Cover image for No monkeys, no chocolate
No monkeys, no chocolate
Stewart, Melissa.
Personal Author:
Publication Information:
Watertown, MA : Charlesbridge, [2013]

Physical Description:
1 volume (unpaged) : color illustrations ; 23 cm
When you think of chocolate, you might think of a candy bar, a birthday cake, or a glass of chocolate milk. But where does chocolate come from? This book tells about the cocoa bean, which grows in the tropical rain forests and how the animals and other living things play an important part, even the monkeys.
Reading Level:
AD 740 Lexile.
Program Information:
Accelerated Reader AR LG 4.1 0.5 159207.

Reading Counts RC K-2 3.5 2 Quiz: 61094.

Format :


Call Number
Material Type
Home Location
Williamsville Library SB267 .S67 2013 Juvenile Non-Fiction Open Shelf

On Order



Everyone loves chocolate, right? But how many people actually know where chocolate comes from? How it's made? Or that monkeys do their part to help this delicious sweet exist?

This delectable dessert comes from cocoa beans, which grow on cocoa trees in tropical rain forests. But those trees couldn't survive without the help of a menagerie of rain forest critters: a pollen-sucking midge, an aphid-munching anole lizard, brain-eating coffin fly maggots--they all pitch in to help the cocoa tree survive. A secondary layer of text delves deeper into statements such as "Cocoa flowers can't bloom without cocoa leaves . . . and maggots," explaining the interdependence of the plants and animals in the tropical rain forests. Two wise-cracking bookworms appear on every page, adding humor and further commentary, making this book accessible to readers of different ages and reading levels.

Back matter includes information about cocoa farming and rain forest preservation, as well as an author's note.

Author Notes

Melissa Stewart is the award-winning author of more than 150 science books for children. She holds degrees in biology and science journalism. Recent books include UNDER THE SNOW (Peachtree, 2009) and the A Place for series (Peachtree). She lives in Acton, Massachusetts.

Nicole Wong was born in Fall River, Massachusetts, with both parents in the arts, so she never thought of becoming anything except an illustrator. She graduated from RISD with a BFA in illustration and is now happily a full-time illustrator of magazines, children's educational and trade books. She still lives in Fall River with her husband, daughter, sleepy kitty, and two big pups.

Reviews 1

School Library Journal Review

Gr 4-6-Chocolate and monkeys may seem worlds apart, but as Stewart and Young point out in their clear text, it takes monkeys (and other critters) to scatter the cocoa beans (seeds) throughout the rain forest. Munching on the soft, tasty pulp lining the pods as they travel through the trees, the monkeys discard the not-so-tasty beans, scattering them indiscriminately. In a format slightly reminiscent of the old "This Is the House That Jack Built," the authors present a simply written look at a complex ecosystem encompassed by one tree's life cycle. Flowers, midges, leaves, maggots, ants, lizards, roots, and more all form parts of the process of producing the cocoa beans so essential to our candy bars and brownies. In a lighter note, two "bookworms" provide an amusing counterpoint in a tiny triangle at the bottom of the page. Wong's realistic watercolors stretch across the pages in warm cocoa browns and soft greens, with occasional splashes of rosy pink. Appended is a page pleading for more rain-forest preservation (not much mention of cocoa "plantations"), another with lists of things to do to make one's life "greener," and still another with an author's note on the origin and development of the book. For slightly older readers, a more traditional look may be found in Adrianna Morganelli's staid The Biography of Chocolate (Crabtree, 2006), but Stewart's book has more visual appeal (and then there are those monkeys...).-Patricia Manning, formerly at Eastchester Public Library, NY (c) Copyright 2013. Library Journals LLC, a wholly owned subsidiary of Media Source, Inc. No redistribution permitted.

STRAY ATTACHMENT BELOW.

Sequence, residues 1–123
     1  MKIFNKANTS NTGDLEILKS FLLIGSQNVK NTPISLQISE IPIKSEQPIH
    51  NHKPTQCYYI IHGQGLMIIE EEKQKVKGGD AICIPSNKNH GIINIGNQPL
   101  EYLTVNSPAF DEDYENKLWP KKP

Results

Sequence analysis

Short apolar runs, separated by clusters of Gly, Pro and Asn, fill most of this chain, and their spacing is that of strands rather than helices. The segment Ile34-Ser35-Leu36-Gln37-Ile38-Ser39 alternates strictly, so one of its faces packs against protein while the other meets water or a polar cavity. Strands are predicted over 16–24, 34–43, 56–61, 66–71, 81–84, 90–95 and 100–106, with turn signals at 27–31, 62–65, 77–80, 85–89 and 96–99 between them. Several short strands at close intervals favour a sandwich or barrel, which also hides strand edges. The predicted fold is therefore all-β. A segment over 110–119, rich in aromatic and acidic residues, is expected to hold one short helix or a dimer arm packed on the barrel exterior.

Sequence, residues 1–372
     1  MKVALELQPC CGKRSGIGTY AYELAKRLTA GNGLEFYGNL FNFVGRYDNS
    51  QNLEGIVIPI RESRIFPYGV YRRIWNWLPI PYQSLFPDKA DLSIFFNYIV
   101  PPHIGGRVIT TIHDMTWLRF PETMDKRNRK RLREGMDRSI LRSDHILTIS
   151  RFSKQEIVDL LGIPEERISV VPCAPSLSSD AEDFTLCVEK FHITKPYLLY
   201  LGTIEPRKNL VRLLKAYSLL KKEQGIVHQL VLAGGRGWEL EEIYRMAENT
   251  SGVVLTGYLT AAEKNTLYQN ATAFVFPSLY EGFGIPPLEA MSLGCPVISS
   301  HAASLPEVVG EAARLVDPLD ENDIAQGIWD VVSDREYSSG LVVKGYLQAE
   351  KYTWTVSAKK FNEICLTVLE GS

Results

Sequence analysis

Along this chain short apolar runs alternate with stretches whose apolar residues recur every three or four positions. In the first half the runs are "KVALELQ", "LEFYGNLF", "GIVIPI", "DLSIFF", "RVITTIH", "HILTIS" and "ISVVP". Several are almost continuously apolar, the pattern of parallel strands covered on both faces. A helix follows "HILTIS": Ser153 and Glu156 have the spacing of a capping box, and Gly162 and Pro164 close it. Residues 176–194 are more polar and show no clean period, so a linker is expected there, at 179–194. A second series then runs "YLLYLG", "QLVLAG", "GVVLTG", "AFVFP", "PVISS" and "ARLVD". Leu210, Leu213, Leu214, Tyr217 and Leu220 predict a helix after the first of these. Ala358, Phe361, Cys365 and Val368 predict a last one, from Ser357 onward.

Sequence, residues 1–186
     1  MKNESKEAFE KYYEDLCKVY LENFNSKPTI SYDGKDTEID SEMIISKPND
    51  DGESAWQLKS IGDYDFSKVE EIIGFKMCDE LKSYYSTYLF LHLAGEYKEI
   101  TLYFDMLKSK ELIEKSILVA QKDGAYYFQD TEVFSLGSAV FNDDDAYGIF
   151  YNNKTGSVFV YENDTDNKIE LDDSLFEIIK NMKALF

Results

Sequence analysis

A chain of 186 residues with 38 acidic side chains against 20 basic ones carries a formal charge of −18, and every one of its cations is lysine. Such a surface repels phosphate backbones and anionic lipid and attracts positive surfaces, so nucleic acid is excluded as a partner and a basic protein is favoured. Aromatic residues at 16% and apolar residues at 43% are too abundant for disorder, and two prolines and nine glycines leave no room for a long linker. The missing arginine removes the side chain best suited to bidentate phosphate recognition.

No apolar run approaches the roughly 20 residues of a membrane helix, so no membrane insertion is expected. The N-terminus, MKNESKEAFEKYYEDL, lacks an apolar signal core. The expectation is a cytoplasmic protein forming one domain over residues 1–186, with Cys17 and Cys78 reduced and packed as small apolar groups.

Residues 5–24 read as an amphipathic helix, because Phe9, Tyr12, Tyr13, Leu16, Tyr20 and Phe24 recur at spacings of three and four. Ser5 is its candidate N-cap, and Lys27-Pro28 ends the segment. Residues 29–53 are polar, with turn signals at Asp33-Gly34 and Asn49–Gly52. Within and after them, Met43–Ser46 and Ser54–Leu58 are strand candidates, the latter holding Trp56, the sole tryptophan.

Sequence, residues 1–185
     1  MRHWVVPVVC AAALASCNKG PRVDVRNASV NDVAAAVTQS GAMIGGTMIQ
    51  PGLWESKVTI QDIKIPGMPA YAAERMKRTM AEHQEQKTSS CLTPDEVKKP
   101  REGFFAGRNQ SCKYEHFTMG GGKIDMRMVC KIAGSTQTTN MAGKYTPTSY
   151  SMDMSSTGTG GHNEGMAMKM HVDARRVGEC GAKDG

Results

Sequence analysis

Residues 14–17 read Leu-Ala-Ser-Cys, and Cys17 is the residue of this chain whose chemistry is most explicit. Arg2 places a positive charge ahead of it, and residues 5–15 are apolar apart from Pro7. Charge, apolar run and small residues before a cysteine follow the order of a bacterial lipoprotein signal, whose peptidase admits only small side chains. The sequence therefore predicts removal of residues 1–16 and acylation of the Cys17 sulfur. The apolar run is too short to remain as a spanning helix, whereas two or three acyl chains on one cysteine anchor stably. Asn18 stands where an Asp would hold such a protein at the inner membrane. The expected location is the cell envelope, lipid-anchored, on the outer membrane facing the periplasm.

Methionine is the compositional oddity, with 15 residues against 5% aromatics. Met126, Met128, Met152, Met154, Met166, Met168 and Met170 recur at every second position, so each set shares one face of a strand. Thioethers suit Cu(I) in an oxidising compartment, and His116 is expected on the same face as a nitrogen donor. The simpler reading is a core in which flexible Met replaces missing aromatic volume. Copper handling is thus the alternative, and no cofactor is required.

Chocolate chip cookies.Chocolate ice cream.Moist, fudgy brownies.What makes all these desserts so delicious?Chocolate, of course.But you can't make chocolate without . . . . . . cocoa beans.Cocoa beans are the seeds of the cocoa tree. Cocoa treesgrow naturally in the tropical rain forests of Central andSouth America. But today farmers grow them in othertropical areas, too.To make chocolate, workers spread cocoa beans withrakes and dry them in the sun. Then they roast them ina giant oven. Later, machines smash the beans into athick paste and squeeze out the liquid to make cocoapowder. It gets mixed with a variety of ingredients tomake different kinds of chocolate. Excerpted from No Monkeys, No Chocolate by Melissa Stewart, Allen M. Young All rights reserved by the original copyright owners. Excerpts are provided for display purposes only and may not be reproduced, reprinted or distributed without the written permission of the publisher.

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